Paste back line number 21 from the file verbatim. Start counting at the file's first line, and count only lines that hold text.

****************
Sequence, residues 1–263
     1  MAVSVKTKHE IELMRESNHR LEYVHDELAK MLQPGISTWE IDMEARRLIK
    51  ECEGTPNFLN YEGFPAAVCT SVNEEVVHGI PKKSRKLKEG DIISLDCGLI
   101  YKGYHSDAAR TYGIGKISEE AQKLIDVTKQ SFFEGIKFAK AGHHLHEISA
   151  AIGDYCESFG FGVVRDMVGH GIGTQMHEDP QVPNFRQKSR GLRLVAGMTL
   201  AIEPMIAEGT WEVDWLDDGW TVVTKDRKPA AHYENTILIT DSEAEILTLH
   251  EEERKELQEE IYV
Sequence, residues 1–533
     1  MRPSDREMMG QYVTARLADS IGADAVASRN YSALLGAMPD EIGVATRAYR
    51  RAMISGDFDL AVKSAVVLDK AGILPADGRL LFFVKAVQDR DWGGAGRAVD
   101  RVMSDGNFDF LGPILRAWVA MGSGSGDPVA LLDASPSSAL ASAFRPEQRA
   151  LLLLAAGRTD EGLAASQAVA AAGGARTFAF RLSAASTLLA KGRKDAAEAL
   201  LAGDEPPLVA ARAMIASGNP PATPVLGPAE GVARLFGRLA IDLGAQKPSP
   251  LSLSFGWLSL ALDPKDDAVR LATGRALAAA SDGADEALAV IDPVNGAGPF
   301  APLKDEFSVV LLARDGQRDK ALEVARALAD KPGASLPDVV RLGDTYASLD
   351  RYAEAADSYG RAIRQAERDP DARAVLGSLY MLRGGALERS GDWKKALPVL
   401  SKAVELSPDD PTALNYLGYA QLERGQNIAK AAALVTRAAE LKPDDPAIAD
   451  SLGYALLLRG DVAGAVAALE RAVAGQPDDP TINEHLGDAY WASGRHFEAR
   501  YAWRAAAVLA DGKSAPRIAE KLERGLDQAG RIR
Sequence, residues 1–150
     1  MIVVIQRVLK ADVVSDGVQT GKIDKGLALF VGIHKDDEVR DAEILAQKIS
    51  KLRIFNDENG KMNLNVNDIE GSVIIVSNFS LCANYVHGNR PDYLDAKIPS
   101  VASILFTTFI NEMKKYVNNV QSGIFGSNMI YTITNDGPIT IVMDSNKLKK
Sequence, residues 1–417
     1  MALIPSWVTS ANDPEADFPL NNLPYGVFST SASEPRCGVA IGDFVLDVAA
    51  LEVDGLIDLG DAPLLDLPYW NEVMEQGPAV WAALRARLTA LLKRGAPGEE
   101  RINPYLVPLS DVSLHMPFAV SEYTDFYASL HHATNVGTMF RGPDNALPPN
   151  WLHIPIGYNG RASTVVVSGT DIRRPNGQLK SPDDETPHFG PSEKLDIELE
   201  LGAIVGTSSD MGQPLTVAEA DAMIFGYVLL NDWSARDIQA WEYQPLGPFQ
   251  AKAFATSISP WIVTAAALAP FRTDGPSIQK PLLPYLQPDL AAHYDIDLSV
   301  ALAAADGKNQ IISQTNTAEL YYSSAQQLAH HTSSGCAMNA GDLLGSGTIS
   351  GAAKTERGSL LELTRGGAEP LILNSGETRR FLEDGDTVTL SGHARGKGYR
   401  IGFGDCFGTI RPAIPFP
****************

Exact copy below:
     1  MIVVIQRVLK ADVVSDGVQT GKIDKGLALF VGIHKDDEVR DAEILAQKIS